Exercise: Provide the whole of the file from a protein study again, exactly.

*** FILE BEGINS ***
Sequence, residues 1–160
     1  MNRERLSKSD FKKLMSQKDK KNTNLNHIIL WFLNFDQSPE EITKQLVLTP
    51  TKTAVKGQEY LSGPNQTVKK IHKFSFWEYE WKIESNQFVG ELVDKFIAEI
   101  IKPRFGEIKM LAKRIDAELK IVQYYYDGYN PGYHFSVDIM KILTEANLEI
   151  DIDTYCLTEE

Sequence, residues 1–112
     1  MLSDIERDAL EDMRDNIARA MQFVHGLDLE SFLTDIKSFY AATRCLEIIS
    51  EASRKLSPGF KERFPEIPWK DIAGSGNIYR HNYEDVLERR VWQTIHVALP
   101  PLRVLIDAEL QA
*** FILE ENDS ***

Sequence, residues 1–160
     1  MNRERLSKSD FKKLMSQKDK KNTNLNHIIL WFLNFDQSPE EITKQLVLTP
    51  TKTAVKGQEY LSGPNQTVKK IHKFSFWEYE WKIESNQFVG ELVDKFIAEI
   101  IKPRFGEIKM LAKRIDAELK IVQYYYDGYN PGYHFSVDIM KILTEANLEI
   151  DIDTYCLTEE

Sequence, residues 1–112
     1  MLSDIERDAL EDMRDNIARA MQFVHGLDLE SFLTDIKSFY AATRCLEIIS
    51  EASRKLSPGF KERFPEIPWK DIAGSGNIYR HNYEDVLERR VWQTIHVALP
   101  PLRVLIDAEL QA